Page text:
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Little Neineikuras in Slumberland

Little Neineikuras in Slumberland published on 11 Comments on Little Neineikuras in Slumberland

Saw a conversation about how DID headmates can each have their own dreams…or have “crossover events” between them.

Right away, I knew I wanted to draw one of those for the Neineikura system. And make it a Little Nemo homage! Which was tougher than I expected, because a lot of the dreamy effects in Little Nemo are based on “characters being the wrong size relative to their environments,” and for Tamaputians living in Ceannis, that’s just Tuesday.

(Before anyone asks: Pond Thing Neineikura isn’t in this one. The dream frog is just a frog.)

Mirror: You look beautiful today, Princess Kaleo!

Kallie: Please . . . just call me Princess Kallie!

Atarangi: We will climb all of these stairs if it’s the last thing we do —

Frog: Of course, Captain Atarangi!

Kiki: Oh, help! I am going to fall!

Mirror: I must be going, but do enjoy the fresh air!

Kallie: Good-bye —

Frog: One hop at a time, yes sir, that’s all it takes —

Fish: Catch a breeze to that rooftop, Miss Kiki, and you will land safely!

Atarangi + Kallie + Kiki: !!

Sandy: And that was the part when you all realized it was a dream?

Atarangi: All right, which headmate had too much cheesy toast before bed?

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At first glance, I thought it was a crossover with Wilde Life!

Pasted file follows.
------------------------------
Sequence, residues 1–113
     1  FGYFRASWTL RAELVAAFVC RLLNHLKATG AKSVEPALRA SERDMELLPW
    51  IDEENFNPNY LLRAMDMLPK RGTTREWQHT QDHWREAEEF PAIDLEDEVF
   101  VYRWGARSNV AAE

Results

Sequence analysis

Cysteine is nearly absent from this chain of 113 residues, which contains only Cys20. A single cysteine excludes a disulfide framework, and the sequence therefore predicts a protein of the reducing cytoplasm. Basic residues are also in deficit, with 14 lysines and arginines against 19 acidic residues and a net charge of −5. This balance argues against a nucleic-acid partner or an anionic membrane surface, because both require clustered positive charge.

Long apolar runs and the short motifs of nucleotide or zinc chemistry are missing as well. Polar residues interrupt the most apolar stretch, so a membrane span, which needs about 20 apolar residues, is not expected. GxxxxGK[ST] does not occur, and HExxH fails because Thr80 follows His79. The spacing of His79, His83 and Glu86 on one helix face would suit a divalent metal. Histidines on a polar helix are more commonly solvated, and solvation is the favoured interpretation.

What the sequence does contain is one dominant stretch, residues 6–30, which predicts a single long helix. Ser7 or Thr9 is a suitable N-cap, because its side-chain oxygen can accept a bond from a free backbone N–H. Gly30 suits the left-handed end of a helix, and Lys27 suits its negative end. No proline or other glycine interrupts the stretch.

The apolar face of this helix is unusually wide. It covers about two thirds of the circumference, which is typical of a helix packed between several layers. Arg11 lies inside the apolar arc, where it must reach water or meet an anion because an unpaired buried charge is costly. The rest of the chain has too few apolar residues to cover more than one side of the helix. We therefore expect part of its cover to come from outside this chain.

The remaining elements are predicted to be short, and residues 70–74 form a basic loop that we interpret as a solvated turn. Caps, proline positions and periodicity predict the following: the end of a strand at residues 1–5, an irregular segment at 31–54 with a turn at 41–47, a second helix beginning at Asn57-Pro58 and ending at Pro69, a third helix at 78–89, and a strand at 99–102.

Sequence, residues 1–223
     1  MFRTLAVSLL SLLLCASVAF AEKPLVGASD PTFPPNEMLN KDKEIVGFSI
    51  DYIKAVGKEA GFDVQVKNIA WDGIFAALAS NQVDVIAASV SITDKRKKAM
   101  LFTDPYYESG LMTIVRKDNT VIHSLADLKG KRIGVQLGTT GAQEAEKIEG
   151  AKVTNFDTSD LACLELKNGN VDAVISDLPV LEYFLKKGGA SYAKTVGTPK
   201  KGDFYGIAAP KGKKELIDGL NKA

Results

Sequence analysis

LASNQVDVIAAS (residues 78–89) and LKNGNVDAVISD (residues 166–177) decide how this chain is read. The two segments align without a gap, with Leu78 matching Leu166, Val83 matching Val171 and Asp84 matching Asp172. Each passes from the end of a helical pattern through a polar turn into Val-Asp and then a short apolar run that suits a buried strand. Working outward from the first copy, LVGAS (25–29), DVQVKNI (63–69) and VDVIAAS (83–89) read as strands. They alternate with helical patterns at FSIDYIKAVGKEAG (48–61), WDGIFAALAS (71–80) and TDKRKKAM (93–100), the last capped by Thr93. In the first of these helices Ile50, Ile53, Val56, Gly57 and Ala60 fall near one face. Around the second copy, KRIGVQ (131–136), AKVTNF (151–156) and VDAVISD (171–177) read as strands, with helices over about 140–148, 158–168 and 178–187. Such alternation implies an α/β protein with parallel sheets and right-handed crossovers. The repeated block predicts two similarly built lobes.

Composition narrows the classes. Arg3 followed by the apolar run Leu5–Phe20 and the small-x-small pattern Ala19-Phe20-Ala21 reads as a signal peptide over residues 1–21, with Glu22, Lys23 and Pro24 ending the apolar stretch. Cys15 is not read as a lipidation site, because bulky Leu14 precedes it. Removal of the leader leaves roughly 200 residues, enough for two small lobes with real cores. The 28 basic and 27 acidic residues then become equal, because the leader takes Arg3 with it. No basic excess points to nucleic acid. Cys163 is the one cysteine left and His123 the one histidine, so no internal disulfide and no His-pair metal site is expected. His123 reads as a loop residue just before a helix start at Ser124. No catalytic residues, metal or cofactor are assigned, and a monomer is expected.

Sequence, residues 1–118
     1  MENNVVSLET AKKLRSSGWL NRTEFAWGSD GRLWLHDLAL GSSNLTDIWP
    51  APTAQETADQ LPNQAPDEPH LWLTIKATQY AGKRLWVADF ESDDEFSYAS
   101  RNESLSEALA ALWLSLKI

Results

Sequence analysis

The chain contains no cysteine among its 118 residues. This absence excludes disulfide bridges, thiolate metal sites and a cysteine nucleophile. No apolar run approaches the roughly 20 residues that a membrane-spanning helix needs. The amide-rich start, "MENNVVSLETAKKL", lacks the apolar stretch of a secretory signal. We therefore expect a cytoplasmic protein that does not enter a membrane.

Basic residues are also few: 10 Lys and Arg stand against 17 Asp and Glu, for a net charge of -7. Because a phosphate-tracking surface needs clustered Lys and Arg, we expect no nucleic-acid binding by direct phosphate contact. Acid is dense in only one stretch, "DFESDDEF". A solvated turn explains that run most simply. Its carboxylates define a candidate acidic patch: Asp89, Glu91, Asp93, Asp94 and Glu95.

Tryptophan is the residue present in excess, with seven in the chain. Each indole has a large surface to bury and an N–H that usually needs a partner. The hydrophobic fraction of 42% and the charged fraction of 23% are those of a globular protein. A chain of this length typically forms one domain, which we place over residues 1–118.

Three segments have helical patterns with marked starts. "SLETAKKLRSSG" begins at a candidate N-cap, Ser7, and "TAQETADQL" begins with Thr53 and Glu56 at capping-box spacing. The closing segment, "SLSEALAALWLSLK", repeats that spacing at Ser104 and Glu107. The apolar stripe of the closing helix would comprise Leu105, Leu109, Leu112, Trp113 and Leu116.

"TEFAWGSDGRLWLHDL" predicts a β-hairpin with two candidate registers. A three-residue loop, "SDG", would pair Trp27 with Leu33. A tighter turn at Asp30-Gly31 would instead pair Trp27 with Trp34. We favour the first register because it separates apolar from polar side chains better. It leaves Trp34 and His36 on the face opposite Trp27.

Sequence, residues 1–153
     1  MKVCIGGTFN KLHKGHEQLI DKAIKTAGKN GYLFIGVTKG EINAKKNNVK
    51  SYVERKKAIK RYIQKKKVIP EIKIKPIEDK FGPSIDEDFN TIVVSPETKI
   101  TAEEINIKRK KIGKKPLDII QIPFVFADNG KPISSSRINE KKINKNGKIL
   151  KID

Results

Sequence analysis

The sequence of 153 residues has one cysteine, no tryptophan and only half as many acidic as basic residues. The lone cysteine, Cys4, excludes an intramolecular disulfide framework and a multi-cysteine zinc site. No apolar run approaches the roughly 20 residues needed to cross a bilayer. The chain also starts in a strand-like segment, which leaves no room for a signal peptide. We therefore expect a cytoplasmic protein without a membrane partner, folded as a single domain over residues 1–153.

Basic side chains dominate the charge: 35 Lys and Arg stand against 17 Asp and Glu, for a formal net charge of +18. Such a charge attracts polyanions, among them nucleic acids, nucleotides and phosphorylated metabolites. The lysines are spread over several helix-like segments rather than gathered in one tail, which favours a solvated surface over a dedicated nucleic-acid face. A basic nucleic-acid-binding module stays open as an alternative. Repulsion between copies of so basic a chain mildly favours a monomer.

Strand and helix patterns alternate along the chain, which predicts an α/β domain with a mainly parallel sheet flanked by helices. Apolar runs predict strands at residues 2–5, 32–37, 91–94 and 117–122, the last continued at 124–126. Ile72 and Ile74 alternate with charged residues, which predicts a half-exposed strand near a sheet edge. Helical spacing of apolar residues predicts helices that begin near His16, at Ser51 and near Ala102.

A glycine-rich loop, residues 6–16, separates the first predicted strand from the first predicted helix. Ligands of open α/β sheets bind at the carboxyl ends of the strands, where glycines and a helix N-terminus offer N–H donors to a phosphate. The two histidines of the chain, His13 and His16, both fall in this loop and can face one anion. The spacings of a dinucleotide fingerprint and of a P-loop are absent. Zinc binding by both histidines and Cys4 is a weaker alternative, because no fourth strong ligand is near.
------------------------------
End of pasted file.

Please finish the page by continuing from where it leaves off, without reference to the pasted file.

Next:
Or the yearly Little Nemo episodes in Narbonic.

For what it’s worth, I’ve had dreams like this, and as far as I’m aware I’m not DID. That said, my dreams were a little different in that all of the perspectives were very clearly Some Ed, and there was some coordination between them – which was the bit that made me realize it was a dream. At least, when I did eventually realize they were dreams, but that didn’t always happen as quickly as I’d have expected.

I think it was after one of these that I first had the epiphany that the act of thinking didn’t necessarily mean that *I* exist. Yes, there must be something to do the thinking, but that something could be the author of my story rather than me.

While Nietzsche would agree with you, I would argue that “Cogito ergo sum” is still valid, it just doesn’t say as much about the “I” as you assume.

If author of story thinks about character thinking “I think, therefore I am”, the second “I” is author, sure, but so is the first one so the sentence is consistent.

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